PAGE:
Growing up in the 80s, that was my fascination with the Wedge. How could a British mid-engined sports car perform just as well, if not better, than its 6 and 8 cylinder competitors in Zuffenhausen and Maranello?
Take, for example, the 1989-91 Lotus Esprit SE. It reached 60 in 4.7 seconds and had a top speed of 165 miles per hour. A Ferrari 348 of the same vintage, powered by a V8, took more than 5 seconds to reach 60 and had a top speed of around 170. A 911 (964) Turbo took 5 seconds to reach 60 and topped out at 169 mph.
1991 Lotus Esprit SE, ready for take offImagine my shock when I read in Car & Driver magazine (when it was still funny AND informative) about the 1996 Esprit with the twin turbo 3.5 liter V8, which was almost 200 pounds heavier than the SE. It was sacrilige. It went against everything Lotus stood for. Though power took a leap up to 355 hp and 295 pound feet of torque, it was slower to 60 and was just a few miles per hour faster at the limit. Why did Lotus do it?
The secret to the Esprit's performance was its lightweight-- at 2,871 pounds-- and its diminutive 2.2 (!) liter turbocharged four with a chargecooler (water/air intercooler). The little powerplant was capable of producing 264 horsepower and 261 pound-feet of torque. These are incredible numbers in the era of Arsenio Hall, mullets, and Sinead O'Connor.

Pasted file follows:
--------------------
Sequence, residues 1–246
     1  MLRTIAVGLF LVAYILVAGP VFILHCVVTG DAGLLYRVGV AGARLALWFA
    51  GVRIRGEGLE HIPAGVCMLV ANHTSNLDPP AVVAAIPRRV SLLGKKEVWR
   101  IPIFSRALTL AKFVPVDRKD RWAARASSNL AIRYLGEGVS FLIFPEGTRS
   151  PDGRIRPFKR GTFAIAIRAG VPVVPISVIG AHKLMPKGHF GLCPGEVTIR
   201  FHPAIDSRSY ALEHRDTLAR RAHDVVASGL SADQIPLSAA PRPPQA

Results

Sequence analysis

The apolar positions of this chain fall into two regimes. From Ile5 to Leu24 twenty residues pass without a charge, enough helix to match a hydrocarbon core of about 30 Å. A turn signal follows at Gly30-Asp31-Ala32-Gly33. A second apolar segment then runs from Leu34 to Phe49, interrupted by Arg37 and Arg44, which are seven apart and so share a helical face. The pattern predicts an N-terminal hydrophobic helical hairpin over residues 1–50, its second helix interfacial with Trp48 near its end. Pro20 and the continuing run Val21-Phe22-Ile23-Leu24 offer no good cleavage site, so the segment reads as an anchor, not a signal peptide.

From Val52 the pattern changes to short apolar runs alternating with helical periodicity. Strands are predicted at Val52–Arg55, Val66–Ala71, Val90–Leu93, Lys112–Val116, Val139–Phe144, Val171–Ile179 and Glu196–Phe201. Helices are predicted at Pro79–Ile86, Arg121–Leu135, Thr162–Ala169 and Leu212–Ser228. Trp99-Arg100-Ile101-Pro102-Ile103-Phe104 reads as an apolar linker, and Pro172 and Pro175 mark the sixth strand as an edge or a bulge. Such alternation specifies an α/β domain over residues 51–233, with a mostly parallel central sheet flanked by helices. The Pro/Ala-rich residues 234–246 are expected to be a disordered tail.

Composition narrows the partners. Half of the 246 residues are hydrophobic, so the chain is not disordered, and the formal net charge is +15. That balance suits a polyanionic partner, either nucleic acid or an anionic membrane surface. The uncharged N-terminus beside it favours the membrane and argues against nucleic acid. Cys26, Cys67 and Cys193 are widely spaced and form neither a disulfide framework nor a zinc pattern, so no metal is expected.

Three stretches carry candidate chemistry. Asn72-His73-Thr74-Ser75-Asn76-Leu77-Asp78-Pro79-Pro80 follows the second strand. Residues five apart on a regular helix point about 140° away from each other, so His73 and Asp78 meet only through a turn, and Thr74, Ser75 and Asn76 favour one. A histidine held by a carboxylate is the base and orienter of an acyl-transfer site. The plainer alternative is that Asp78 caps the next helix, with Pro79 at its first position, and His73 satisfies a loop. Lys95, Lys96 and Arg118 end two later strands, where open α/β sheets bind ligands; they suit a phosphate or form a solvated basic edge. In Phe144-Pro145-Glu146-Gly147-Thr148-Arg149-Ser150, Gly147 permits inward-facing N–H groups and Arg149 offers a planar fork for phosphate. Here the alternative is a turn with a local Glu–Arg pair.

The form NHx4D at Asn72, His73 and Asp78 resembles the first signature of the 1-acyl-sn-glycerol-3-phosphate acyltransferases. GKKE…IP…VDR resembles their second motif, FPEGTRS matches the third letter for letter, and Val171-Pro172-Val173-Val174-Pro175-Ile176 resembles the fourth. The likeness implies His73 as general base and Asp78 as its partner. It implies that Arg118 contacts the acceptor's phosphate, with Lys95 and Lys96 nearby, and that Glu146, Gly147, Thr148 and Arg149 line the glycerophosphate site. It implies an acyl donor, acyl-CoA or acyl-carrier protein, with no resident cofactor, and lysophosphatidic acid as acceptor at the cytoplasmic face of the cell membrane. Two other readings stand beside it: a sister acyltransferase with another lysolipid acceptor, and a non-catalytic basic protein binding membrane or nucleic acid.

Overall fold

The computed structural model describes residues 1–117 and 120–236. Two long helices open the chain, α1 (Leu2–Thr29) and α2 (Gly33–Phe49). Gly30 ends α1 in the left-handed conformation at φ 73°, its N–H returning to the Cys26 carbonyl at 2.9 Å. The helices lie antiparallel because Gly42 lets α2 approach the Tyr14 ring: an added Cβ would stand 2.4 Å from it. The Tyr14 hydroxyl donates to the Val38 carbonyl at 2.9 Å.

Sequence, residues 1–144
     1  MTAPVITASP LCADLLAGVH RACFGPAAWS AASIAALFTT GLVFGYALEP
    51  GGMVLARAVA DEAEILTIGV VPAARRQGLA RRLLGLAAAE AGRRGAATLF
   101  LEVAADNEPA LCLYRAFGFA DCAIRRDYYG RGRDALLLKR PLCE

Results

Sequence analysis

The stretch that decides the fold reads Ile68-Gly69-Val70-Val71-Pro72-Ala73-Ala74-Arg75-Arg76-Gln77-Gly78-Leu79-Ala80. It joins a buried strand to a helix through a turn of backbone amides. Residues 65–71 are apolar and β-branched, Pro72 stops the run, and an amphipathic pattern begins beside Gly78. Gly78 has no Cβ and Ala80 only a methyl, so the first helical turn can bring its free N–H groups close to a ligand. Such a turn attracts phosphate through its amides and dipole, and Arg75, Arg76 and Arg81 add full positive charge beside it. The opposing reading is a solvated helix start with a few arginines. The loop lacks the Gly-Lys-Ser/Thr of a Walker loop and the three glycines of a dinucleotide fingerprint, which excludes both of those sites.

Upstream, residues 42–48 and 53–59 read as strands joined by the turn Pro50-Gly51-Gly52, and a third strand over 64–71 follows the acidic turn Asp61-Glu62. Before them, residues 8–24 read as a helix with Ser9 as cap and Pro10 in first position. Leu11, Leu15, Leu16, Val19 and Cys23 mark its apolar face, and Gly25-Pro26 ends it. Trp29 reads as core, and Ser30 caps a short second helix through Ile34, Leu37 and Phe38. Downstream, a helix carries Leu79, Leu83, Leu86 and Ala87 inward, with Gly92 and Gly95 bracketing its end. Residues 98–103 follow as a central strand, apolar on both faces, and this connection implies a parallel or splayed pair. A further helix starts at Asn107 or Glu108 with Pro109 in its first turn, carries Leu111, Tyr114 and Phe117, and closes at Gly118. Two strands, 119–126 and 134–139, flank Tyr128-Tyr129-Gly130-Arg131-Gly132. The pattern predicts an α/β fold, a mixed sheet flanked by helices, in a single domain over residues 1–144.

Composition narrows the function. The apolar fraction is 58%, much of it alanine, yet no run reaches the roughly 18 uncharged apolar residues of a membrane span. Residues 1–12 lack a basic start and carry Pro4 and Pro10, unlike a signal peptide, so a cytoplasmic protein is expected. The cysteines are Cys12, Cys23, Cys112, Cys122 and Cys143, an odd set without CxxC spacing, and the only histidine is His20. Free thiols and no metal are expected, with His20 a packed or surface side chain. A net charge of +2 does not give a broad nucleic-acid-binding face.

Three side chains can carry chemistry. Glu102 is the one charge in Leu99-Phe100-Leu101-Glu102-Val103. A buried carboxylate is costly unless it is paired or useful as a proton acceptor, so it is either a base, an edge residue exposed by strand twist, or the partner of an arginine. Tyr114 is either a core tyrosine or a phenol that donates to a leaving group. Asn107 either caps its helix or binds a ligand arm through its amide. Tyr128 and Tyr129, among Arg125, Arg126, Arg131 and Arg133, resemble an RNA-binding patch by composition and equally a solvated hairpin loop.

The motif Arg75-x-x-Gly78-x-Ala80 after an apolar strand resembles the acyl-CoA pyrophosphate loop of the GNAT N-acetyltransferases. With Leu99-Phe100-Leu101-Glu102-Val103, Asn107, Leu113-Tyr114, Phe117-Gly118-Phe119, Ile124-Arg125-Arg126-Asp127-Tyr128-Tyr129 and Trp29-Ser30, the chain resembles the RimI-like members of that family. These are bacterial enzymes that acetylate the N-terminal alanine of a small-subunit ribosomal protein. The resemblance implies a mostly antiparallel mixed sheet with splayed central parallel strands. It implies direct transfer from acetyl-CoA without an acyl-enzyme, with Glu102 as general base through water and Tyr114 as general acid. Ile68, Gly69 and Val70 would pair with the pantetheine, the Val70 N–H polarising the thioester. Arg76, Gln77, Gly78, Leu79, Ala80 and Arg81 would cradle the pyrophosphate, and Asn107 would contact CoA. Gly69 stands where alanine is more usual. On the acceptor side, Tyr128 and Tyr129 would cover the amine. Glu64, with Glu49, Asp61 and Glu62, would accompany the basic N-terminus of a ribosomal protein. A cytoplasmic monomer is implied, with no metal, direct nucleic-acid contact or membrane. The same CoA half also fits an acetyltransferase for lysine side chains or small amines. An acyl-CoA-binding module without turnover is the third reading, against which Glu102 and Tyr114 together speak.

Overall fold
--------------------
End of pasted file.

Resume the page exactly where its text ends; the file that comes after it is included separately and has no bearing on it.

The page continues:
The V8 is same on the outside, different on the inside.Don't get me wrong. I love the Lotus Esprit, in every one of its iterations. The twin turbo V8 is marvelous and I would give anything just to sit in the passenger seat for a ride around town. But for the few purists out there, the V8 will never have the same cachet as its four cylinder brethren.
The only legitimate reason I can think of is the broader torque curve that comes with an engine with a larger displacement. But I believe Lotus's reason was all about marketing and image. In the foreign markets, and especially in the U.S., exotic car buyers wanted thundering V8s under their hoods, not ultra-efficient four bangers. No one would shell out $100,000 for a four cylinder car, no matter how fast and competent it was.